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Old 09/29/2013, 02:49 PM   #676
BxS_Reefer217
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Fungia from the same lfs*


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Old 09/29/2013, 09:42 PM   #677
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Hi BxS_Reefer217! Welcome!

Even if the Fungia appears dead, keep the skeleton. Many reefkeepers have had baby Fungia sprout off the old skeleton about a year to 18 months later (some even sooner!)

I've had some weird experiences with Blastos too. What exactly are your parameters (you'd be amazed how many people say their parameters are "perfect" but are actually way off what the reefkeeping community recommends.) Does it have any sponge growing around it? I've seen many Blastos come in with invasive sponges that are very hard to kill off. Check for that.


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Old 09/29/2013, 10:07 PM   #678
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That hits my exact ? I just got a Favia from a friend and half of it is just skeleton, should I remove that or will the flesh recover these sites is it "recovers"! Got it today and I can see the flesh has increased in volume already and has its tentacles out sweeping.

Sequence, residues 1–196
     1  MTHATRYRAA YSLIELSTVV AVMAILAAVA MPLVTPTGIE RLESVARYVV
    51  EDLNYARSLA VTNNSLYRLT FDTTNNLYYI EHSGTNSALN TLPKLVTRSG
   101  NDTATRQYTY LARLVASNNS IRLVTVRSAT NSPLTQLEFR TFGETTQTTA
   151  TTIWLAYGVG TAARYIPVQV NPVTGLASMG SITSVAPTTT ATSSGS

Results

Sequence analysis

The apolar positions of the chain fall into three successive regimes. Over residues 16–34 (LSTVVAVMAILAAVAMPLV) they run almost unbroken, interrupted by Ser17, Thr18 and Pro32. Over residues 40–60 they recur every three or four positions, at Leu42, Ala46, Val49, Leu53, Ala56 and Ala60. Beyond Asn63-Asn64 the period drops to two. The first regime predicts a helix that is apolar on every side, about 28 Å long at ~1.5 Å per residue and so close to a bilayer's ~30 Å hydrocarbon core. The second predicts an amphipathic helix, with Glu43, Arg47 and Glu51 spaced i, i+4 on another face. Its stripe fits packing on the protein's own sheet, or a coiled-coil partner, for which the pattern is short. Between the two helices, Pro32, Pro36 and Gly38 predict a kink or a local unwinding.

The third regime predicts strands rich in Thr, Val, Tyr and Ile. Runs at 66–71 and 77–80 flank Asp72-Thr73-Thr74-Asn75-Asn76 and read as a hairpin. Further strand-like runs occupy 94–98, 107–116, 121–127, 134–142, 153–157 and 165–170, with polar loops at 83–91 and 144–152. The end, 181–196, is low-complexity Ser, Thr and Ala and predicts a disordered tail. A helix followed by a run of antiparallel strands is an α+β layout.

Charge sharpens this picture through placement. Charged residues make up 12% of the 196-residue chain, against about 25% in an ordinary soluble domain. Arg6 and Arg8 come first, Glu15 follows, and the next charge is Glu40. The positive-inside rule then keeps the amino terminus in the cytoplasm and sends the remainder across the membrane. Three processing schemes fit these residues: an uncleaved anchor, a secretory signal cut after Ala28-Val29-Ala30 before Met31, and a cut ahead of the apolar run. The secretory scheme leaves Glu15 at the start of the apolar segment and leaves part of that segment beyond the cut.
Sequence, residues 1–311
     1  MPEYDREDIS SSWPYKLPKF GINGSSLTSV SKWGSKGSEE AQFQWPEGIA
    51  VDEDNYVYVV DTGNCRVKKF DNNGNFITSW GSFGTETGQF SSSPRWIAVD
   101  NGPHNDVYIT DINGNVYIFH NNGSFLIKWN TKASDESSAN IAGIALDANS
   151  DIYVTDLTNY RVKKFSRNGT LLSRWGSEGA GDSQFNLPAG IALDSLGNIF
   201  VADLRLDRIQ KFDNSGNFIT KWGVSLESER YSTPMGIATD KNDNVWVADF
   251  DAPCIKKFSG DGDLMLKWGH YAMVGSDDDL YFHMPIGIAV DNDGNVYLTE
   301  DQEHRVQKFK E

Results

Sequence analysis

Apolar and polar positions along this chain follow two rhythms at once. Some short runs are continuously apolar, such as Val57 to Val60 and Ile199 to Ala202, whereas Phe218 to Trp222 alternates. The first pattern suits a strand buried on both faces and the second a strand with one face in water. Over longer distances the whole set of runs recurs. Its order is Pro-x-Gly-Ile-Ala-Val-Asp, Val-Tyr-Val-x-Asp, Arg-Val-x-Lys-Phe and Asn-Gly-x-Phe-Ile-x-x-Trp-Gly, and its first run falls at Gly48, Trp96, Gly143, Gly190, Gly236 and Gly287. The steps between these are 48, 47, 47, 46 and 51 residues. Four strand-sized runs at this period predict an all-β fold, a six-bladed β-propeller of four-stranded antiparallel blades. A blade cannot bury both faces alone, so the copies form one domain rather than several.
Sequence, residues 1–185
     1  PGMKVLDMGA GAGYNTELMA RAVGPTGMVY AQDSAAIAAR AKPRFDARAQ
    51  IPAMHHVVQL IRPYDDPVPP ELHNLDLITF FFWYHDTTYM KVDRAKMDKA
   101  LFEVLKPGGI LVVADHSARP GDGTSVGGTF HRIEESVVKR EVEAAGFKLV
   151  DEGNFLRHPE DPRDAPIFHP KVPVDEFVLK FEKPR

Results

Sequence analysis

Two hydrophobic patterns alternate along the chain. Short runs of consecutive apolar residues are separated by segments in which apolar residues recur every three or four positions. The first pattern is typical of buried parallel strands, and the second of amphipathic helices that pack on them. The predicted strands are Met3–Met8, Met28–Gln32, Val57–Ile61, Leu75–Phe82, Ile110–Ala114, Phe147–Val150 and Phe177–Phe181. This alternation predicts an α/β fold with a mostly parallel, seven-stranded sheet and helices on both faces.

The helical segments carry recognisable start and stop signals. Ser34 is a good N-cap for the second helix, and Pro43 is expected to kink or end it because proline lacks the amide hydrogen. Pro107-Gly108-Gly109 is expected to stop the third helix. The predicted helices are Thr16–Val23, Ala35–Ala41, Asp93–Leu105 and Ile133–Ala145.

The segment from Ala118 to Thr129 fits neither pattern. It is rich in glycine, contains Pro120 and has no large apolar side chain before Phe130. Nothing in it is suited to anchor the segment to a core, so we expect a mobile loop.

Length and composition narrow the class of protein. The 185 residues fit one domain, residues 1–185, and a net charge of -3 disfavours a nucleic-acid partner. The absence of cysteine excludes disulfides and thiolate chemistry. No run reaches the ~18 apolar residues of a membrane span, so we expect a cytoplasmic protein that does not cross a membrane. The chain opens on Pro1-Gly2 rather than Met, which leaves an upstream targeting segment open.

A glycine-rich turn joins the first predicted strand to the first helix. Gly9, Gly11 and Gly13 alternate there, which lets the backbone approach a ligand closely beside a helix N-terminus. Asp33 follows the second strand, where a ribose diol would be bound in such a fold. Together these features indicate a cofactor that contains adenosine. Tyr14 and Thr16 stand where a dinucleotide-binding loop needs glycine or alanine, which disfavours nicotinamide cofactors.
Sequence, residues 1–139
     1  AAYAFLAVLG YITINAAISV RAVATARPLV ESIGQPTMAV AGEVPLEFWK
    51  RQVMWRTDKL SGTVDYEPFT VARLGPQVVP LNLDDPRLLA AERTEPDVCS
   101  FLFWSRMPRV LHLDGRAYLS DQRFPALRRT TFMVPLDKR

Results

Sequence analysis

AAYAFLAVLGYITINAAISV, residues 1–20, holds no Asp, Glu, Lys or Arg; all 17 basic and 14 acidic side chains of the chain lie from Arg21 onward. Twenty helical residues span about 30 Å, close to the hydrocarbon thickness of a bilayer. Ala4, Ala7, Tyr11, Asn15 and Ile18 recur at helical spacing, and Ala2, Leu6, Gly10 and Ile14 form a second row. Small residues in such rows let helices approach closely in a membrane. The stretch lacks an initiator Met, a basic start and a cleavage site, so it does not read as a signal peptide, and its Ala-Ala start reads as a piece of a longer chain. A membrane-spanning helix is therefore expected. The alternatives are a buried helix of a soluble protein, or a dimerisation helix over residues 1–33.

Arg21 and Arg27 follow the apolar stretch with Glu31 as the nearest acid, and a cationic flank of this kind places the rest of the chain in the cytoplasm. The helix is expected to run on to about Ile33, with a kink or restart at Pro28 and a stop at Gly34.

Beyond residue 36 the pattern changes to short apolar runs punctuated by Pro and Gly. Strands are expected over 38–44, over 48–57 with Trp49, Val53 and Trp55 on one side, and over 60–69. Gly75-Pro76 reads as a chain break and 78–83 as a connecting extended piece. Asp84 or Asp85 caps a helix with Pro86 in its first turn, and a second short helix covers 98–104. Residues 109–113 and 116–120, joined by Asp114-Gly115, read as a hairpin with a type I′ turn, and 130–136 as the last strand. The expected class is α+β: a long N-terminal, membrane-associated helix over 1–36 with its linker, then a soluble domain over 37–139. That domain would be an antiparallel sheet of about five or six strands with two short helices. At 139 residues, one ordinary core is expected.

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Old 09/29/2013, 10:41 PM   #679
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Ok read a few pages, so my bets bet is to cut away dead material like I was making frags, is that right? How close to good flesh do I cut , never fragged anything but sticks? Thanks and I will get some pics up tmro


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Old 09/30/2013, 06:31 AM   #680
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Quote:
Originally Posted by MechEng99 View Post
Hi BxS_Reefer217! Welcome!

Even if the Fungia appears dead, keep the skeleton. Many reefkeepers have had baby Fungia sprout off the old skeleton about a year to 18 months later (some even sooner!)